My brother and sister-in-law recently moved to Denver which means I’ll be there more often. I hadn’t been back in 5 years and was pleasantly surprised at how the dining scene has unfolded compared to my last trip. I have a long list of recommends and suspect you, too, might find Denver an unexpectedly solid food town.
LINGER, Denver, CO
Probably my top overall restaurant in Denver is Linger from chef/owner Justin Cucci. It wins on many fronts: an eclectic, Asian-influenced menu grouped by continent, with nothing over $15 (except a lovely cheese platter). They focus on mostly organically sourced food from many local farmers and producers, using rice bran oil for frying. Then there’s the space. In a multi-floored former mortuary, one could get the creeps, but everything has been completely redone with recycled materials. It’s a stunningly hip, playful space with front row views of downtown.
Industrial and modern, it’s warmed by a funhouse of touches like pool table balls filling the floor next to a ramp, 1970’s smoking ads from India, and 1960’s-era mug shots covering bathroom doors. A dramatic staircase leads to an upstairs bar with that same city view. The space is festive, full of life, ideal for groups (though make reservations), particularly to share plates.
Dishes are prepared with finesse though approachable. Cocktails I tasted were made with quality ingredients though required more balance. I appreciated that they didn’t make them too sweet, though their Corpse Reviver # 2.5 went the other extreme with far too sour citrus.
Here are a few dish highlights by menu grouping:
ASIA – Korean BBQ pork on a Chinese spring onion pancake with poached egg and kimchi (everyone at the table was crazy about this one)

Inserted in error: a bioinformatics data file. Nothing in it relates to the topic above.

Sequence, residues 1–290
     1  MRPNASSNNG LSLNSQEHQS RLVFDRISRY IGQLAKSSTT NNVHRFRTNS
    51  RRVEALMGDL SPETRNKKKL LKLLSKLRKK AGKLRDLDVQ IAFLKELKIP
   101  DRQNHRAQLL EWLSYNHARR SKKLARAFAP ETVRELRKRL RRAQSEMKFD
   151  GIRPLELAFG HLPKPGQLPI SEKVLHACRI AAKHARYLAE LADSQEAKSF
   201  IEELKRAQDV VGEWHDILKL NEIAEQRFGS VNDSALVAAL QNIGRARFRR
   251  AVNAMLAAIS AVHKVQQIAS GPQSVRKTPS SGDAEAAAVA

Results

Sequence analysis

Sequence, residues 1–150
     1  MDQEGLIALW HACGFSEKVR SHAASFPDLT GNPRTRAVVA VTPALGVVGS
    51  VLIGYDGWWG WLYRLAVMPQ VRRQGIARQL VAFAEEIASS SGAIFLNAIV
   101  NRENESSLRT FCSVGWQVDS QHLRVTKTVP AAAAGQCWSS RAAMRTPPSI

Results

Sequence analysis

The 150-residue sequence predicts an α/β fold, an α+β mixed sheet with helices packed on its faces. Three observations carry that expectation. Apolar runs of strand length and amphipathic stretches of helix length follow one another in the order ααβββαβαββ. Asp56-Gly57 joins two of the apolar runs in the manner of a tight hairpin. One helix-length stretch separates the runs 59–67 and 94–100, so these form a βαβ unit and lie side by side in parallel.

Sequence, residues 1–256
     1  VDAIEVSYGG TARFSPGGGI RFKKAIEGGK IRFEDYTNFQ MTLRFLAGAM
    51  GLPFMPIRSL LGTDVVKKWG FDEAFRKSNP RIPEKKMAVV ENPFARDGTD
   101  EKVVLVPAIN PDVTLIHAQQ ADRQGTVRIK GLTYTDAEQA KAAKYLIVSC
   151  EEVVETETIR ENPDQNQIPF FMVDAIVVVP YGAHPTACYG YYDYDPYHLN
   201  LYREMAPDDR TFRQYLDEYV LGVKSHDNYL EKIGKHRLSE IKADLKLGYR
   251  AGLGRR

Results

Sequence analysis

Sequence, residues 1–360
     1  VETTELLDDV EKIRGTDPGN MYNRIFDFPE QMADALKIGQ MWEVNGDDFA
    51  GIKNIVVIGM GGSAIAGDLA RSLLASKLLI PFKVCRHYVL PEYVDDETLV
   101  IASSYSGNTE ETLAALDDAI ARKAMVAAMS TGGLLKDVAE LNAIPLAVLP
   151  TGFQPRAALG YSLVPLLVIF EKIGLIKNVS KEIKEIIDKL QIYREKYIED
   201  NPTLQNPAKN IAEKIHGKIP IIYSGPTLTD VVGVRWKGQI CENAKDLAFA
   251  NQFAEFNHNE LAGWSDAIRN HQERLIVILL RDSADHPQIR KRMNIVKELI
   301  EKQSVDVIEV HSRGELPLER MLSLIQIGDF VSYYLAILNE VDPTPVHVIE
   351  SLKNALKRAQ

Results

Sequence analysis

– A bright Pad Thai ($9) with farm egg, pickled veggies
– Cold Peanut Noodles ($7) using Kombu noodles, miso-pickled cucumbers, cilantro, radish, Fresno chilies, peanuts
– Vietnamese “Goi Bo” ($12): wok-seared wagyu skirt steak, pickled daikon, carrots, crispy shallots, peanuts, bean sprout, shrimp chips
AMERICAS – Biker Jim Dog ($9), Denver’s great local sausage, is topped with Boylan’s Cola-braised onions, layered with warm, oozing cream cheese, and a side of addictive sweet potato waffle fries with chipotle ketchup
SOUTH ASIA – Bhel Puri ($7) puffed rice, crunchy lentil noodles, chickpeas, red onion, cashews, tomatoes, cilantro, melon raita, tamarind-date chutney
– Masala Dosa ($9): rice & lentil crepe filled with masala potatoes, peas, black mustard seeds, dipped in tamarind-date chutney and coconut chutney
AFRICA & MIDDLE EAST – Chicken B’stilla ($12), my favorite Moroccan dish of a phyllo pastry filled with shredded chicken, almonds, apricots, golden raisins, Saigon cinnamon, harissa and a side of preserved lemon yogurt
BIKER JIM’S, Denver, CO
Chicago has Hot Doug’s and Denver has Biker Jim’s. All the Anthony Bourdain and press raves are rather warranted, I must say. Sports and beer overtake the casual space (newly opened – Jim’s used to be merely a food cart – those are still in operation), but sausages rule.